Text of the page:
"Today I got feeding support from the most unlikely of places, the most surreal moment of my life that had me in tears," Copeland wrote.

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True

You could say Marine biologist, divemaster and National Geographic Explorer Dr. Erika Woolsey is a bit of a coral reef whisperer, one who brings her passion for ocean science to folks on dry land in a fresh, innovative and fun new way using virtual reality.

Images courtesy of Meta’s Community Voices film series

Her non-profit, The Hydrous, combines science, design, and technology to provide one-of-a-kind experiential education about marine life. In 2018, Hydrous produced “Immerse 360”, a virtual underwater journey through the coral reefs of Palau, with Dr. Woolsey as a guide.

Viewers got to swim with sharks, manta rays and sea turtles while exploring gorgeous aquatic landscapes and learning about the crucial role our oceans play—all from 360° and 3D footage captured by VRTUL 2 underwater storytelling VR cameras.


Hydrous then expanded on the idea to develop two more exciting augmented adventures using Meta Quest 2 technology: “Expedition Palau,” a live event where audiences can share a “synchronized immersive reality experience”, which includes live narration from Woolsey, and “Explore,” a “CGI experience” to enjoy the magic of the ocean at home.


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“I’ve been extremely fortunate to explore and study coral reefs around the world,” Woolsey said, sharing that it was “heartbreaking” to see these important habitats decay so rapidly while the latest scientific reports did not clearly lead to widespread compassionate action.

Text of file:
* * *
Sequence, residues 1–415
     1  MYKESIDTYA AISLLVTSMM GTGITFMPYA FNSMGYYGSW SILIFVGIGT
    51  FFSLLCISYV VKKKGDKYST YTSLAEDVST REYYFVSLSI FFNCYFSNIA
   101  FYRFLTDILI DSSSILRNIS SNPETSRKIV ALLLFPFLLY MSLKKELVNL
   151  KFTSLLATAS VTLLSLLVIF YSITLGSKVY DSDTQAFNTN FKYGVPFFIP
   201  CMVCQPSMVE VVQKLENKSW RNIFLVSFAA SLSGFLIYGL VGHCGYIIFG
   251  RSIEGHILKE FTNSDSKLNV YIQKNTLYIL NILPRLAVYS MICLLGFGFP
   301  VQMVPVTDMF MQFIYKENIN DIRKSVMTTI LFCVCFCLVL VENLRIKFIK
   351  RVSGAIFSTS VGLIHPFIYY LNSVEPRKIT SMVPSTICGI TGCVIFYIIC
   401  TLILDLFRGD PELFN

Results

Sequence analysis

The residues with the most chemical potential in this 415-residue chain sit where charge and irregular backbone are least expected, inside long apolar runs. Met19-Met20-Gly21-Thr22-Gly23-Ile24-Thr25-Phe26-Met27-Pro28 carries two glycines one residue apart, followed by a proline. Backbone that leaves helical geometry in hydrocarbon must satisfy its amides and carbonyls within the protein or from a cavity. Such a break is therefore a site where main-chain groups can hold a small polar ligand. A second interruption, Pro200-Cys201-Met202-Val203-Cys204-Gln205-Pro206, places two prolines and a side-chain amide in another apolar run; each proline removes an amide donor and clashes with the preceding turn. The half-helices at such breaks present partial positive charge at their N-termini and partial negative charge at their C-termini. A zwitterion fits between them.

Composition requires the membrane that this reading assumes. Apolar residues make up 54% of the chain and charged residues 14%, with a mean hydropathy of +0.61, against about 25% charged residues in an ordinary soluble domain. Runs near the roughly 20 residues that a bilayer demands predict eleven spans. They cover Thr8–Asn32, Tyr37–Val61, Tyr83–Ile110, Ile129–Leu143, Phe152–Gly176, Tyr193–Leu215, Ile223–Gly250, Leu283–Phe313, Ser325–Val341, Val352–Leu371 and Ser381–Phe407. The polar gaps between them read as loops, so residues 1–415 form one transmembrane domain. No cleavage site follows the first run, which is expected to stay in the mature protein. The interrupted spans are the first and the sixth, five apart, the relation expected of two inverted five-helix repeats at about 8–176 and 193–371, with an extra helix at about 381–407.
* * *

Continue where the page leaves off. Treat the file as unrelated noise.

“How do we care about something we never see or experience?” she reflected. As she discovered, virtual reality would be a powerful solution for eliciting empathy. “VR has the ability to generate presence and agency and make you feel like you’re there. It's that emotional connection that can bridge scientific discovery and public understanding”

The combination of virtual reality and the ocean’s natural breathtaking beauty is, as Woolsey puts it, a “match made in heaven” for getting people more engaged in ocean education. “When you’re floating you can look up and down and all around you…seeing a school of fish surrounding you and reefs in these cathedral-like structures. Rather than watching a video of a scientist, you get to become the scientist.”

Hydrous also has special kits to provide middle school students hands-on learning about ocean life. In addition to a journal, activity cards and a smartphone VR viewer, each kit includes lifelike 3D printed model pieces of a coral reef so that middle school students can try building their own.

These reef models even turn white when temperatures rise inside the aquarium, which mimics the real “bleaching” that corals endure when they die due to higher than normal ocean temperatures. Students really do become scientists as they figure out how to bring color back to their reef.

While it’s true that the health of our oceans affects us all, the growing threats our oceans face—pollution, overfishing, climate change—don’t always affect us on an empathetic level. Through the use of technology, Woolsey has created an innovative way to connect hearts and minds to one of the Earth’s most important resources, which can inspire real and lasting change.

“We can’t bring everybody to the ocean, but we’re finding scalable ways to bring the ocean to everyone.”

To learn more about Hydrous, click here.

via UNSW

This article originally appeared on 07.10.21


Dr. Daniel Mansfield and his team at the University of New South Wales in Australia have just made an incredible discovery. While studying a 3,700-year-old tablet from the ancient civilization of Babylon, they found evidence that the Babylonians were doing something astounding: trigonometry!

Most historians have credited the Greeks with creating the study of triangles' sides and angles, but this tablet presents indisputable evidence that the Babylonians were using the technique 1,500 years before the Greeks ever were.